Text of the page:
This afternoon I had my first unplanned encounter with one of the most notorious and widely feared Australian creatures: an Australian spider.
I was hanging out the laundry: hang, peg, hang, peg, as you do, when out of the corner of my eye I spotted a glistening spider’s web at the end of the washing line. I froze and scanned my surrounding area. To my horror it’s proprietor was lurking at the end of the line, watching me, imagining my exotic tastie and about to bite me and kill me...maybe.
This didn't sound much fun to me, so although he didn’t actually look like one of the nasties, I hung all the washing at the far end of the line like a big wimp and left him to his lurking, hoping he would go away, which now it seems, he has.
My brief encounter got me thinking about the concept of Australia’s dangerous wildlife. Some of Australia’s wildlife is indeed, the most venemous in the world, but how often does the average Aussie find them self munched by a funnelweb or taken by a taipan?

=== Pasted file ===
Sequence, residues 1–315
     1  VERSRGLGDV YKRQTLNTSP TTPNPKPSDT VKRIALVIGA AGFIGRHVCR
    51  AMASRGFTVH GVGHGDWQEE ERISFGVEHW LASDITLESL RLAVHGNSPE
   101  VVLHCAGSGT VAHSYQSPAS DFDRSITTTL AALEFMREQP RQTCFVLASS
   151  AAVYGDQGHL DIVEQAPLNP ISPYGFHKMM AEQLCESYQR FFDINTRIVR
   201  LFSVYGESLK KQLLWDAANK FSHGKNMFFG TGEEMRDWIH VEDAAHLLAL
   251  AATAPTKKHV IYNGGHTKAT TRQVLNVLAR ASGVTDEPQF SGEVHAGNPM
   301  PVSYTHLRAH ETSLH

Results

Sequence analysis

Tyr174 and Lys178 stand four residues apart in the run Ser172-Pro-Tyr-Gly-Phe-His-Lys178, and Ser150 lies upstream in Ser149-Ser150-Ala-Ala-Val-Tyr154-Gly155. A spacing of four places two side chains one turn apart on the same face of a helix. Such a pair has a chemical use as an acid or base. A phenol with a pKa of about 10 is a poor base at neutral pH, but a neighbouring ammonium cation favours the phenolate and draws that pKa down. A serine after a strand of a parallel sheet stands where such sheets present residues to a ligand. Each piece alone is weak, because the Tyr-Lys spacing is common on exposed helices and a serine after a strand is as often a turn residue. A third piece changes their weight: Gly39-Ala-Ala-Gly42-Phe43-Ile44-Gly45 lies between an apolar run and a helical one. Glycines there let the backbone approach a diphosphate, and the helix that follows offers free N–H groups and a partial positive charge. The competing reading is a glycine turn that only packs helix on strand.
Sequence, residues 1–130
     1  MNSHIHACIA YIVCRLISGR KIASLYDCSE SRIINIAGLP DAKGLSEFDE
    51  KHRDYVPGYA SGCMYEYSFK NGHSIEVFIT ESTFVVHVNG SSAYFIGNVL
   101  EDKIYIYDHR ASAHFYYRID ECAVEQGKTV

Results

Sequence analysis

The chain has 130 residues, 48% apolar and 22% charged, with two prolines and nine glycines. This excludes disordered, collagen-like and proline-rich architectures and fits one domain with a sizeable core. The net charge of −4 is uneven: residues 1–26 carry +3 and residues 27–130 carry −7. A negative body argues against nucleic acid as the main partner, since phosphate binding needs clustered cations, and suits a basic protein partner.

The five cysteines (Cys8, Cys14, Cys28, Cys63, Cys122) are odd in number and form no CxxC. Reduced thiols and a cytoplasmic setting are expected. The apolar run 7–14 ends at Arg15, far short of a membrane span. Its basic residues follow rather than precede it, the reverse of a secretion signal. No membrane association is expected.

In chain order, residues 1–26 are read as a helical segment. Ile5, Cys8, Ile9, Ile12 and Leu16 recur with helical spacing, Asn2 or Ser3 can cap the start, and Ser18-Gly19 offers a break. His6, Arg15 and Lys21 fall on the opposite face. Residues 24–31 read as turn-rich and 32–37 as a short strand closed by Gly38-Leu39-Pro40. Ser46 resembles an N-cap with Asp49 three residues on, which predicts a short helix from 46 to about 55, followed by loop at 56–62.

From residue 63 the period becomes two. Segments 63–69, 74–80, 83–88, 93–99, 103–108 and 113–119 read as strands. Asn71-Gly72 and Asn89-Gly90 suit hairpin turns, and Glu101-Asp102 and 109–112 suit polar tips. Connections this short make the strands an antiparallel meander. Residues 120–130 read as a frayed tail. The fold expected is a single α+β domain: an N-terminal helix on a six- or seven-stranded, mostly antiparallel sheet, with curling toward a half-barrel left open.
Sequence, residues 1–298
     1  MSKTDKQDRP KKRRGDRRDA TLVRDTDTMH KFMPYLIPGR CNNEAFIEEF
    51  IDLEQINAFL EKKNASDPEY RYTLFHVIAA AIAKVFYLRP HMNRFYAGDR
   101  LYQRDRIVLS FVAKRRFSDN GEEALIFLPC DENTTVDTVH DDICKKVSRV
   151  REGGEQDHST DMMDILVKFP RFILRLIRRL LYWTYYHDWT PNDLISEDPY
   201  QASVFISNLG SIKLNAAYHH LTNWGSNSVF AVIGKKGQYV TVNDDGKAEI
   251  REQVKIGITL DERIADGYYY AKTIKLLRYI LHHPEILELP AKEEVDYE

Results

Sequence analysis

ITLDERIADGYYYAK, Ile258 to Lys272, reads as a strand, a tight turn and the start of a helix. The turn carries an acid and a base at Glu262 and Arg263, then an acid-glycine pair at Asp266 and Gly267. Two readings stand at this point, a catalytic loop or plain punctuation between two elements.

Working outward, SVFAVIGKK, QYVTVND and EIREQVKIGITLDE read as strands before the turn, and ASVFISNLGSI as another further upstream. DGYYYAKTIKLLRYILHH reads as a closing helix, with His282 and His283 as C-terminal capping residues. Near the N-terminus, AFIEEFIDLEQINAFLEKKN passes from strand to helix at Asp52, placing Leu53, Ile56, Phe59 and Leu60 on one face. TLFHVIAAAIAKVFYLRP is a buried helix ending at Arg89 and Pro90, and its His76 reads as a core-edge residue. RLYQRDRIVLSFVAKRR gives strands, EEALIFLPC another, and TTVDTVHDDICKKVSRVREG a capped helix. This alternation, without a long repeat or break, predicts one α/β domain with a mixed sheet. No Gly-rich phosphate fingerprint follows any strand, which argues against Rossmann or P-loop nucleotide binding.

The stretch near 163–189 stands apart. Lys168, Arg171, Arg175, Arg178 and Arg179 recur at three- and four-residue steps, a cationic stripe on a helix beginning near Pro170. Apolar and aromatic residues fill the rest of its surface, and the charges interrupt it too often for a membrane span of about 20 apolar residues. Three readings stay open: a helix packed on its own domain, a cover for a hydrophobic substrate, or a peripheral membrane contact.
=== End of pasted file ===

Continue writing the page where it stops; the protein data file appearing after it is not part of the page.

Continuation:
Not as often as those naughty Aussies would have us believe, not in my experience anyway. I love the Australian sense of humour though. Take a look at this video, which I find hilarious. I first saw it before arriving in Australia and I think it sums up nicely what the world believes to be true of Australia’s wildlife.
In the past six months, granted I have mostly been in urban areas, but I have also spent time on a farm in Queensland and paid a visit to the outback as well as doing a bit of bush-walking in Northern National Parks, so I would say that I have given the deadly critters plenty of opportunity to 'welcome' me. They haven’t, and of that I am glad.
Maybe I have just been lucky, or maybe the Aussies want the rest of the world to believe that life really here is a daily struggle to survive. What do you think?
Image credit - http://www.gettingdownunder.com/2008/09/02/the-aussie-immigration-map/